3 Amazing Summer Time Coffee Drinks for the August Issue of The Roasters Pack
One step outside and you it hits you. You can practically taste the humidity. Ah; summer time in Canada: When the nation of ice hockey turns into a sauna.
Canadian clichés aside (eh), we’ve got some incredible coffee solutions for you that are quite tasty!
They pair quite well with the August issue of The Roasters Pack, so break out your coffees and let’s get brewing!
One of the recipes we’re quite fond of is a new one to us as it was featured in the August Issue of The Roasters Pack.
It’s by our good friend Felix Cha who is the lead roaster at De Mello Palheta. This recipe is for an Inverted AeroPress which is dialed in for the washed YirgZ they’ve roasted.
What you’ll need:
- 170 grams of water at the temperature of 190º Fahrenheit(or 88º Celcius)
- 22 grams with a coarse grind (about what you would use for a French Press)
- An Inverted AeroPress
- A Scale
- Preheat AeroPress chamber with hot water and wet the filter to remove any paper taste.
- Add coffee into the inverted Aeropress and pour 170 grams of hot water
- Give it a gentle stir and wait for 30seconds
- Add 35 grams of ice cubes into AeroPress
- Push down the ice cubes and gently stir
- Wait until the 1:30 mark, close the lid, invert and push down the AeroPress for 30 seconds
- Serve over ice and enjoy!
Note: The more ice you add, the more diluted it will get. However, this coffee is brewed at a strong ratio of 9.3 grams of water to 1 gram of coffee, so feel free to liberally add ice to get it close to a normal ratio of 16:1.
Don’t have an AeroPress?
We’ve got an amazing recipe here with a V60 for you here.
That’s right – add vanilla ice cream to your coffee... We’re enjoying the Catalogue #20 from the August issue with this recipe!
Here’s what you’ll need:
- Chemex or Hario V60 & Filters
- 600 grams of Water at 192 F
- One Scoop of Vanilla Ice Cream
- 38 grams of finely ground Coffee. Try the Catalogue #20!
- Rinse the V60/Chemex and filter with hot water to remove any paper taste that the filter may have & to heat the vessel.
- Remove filter and put in one scoop of your favourite Vanilla iced cream into the chamber of your Chemex or your V60 brewing carafe.
- Put the filter back on the Chemex, place ground coffee in the filter (38g)
- Pour 100g of water for the first 45 seconds
- Continue to pour 500g of fresh water over your 6 cup Chemex
- 3 minutes later, dispose of the filter
- Pour & enjoy the full bodied beverage!
The vanilla pairs impeccably with the peanut butter & chocolate notes. It’s a perfect post dinner coffee desert.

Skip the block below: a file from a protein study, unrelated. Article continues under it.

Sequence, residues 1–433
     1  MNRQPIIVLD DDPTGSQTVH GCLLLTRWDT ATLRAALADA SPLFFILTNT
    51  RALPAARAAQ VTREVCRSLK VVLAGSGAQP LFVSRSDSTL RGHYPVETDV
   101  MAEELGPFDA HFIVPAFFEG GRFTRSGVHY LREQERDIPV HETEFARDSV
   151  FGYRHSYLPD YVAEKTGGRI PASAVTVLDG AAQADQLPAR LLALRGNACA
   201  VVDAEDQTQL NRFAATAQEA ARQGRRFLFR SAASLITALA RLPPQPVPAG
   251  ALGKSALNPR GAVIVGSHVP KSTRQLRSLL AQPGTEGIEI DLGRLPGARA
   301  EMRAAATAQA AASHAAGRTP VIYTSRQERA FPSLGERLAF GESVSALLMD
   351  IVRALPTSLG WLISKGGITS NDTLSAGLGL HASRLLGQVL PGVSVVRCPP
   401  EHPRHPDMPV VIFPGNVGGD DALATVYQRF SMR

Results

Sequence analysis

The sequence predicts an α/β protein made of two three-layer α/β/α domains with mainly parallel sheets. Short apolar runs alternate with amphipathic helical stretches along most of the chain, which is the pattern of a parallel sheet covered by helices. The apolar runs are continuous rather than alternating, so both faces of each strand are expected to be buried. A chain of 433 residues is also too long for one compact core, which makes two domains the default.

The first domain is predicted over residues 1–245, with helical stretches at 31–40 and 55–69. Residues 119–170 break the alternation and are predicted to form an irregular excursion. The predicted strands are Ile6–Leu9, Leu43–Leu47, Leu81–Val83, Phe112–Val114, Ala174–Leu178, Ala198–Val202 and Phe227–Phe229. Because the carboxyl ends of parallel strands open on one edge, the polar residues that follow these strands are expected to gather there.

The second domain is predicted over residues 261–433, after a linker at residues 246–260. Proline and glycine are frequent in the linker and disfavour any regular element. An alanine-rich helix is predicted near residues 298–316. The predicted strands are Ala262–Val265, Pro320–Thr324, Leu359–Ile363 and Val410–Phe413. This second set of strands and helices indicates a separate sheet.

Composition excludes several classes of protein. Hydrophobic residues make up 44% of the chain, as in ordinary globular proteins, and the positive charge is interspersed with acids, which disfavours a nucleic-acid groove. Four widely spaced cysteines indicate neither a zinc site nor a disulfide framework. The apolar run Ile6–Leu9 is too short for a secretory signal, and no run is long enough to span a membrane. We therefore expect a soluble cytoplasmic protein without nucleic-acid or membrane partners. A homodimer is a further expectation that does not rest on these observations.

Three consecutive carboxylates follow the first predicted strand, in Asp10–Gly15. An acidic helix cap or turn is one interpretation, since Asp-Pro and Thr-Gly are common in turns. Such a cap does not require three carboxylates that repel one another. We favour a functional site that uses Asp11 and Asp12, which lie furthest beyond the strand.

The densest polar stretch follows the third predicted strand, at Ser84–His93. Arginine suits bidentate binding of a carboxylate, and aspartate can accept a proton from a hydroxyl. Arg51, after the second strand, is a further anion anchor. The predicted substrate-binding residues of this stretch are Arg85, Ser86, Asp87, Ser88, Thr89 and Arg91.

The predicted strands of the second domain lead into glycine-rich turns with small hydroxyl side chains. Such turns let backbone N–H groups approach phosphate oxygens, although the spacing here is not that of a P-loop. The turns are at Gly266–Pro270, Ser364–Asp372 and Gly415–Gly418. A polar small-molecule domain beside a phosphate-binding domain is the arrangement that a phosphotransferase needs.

Cold brew is really quite interesting. The coffee brews over a long period of time, and as a result the taste profile of the brew takes on something quite different than a regular cup of coffee.
We asked Felix Cha from de Mello Palheta, and he described it as this:
Cold brew has its own unique taste which I like to say as "flat coke but coffee version.”
What you need:
- 1.1L of cold filtered water
- A Hario Cold Brewer known as the Mizudashi
- 110 grams of freshly roasted coffee – the August issue featured coffee by Bows & Arrows, Finca Tulo, works incredibly in cold brew as the chocolate cake notes dominate the body, but the fruit leather & dried pineapple sweetness kick in on the finish and balance the coffee out.
The filtered water is pretty important – coffee is 98.5% water, so using bad water might not bode so well for the final outcome of your coffee.
Step 1: Grind the coffee and pour it in the Mizudashi. The grind should be between medium and coarse, a bit finer than you would for a French Press.
Step 2: Pour in the 1.1 litres of water. It takes a bit of time for the water to saturate and get through all the coffee grinds.
Wait 12 hours!
Step 3: Take out the coffee basket & pour the cold brew into a cup with ice!
We like to add ice to ours as the ice melting adds an interesting dynamic to the taste (and the temperature, of course!). However, feel free to drink it straight for a strong cup of coffee if that’s what you prefer! It is a coffee concentrate though, as you may have noticed that the ratio is 10 parts of water for every 1 part of coffee (as opposed to the regular ratio of around 17:1), so the ice helps bring it closer to a ratio our taste buds are more familiar with.
Step 4: Enjoy!
It’s also interesting to point out that it can last about a week after brewing. We throw ours in the fridge after we’re done brewing.
Here's the recipe in video form:
3 creative drinks for 3 eclectic coffees of the August issue. What do you think? Which one is your favourite summer time drink? What did you do to get creative this month?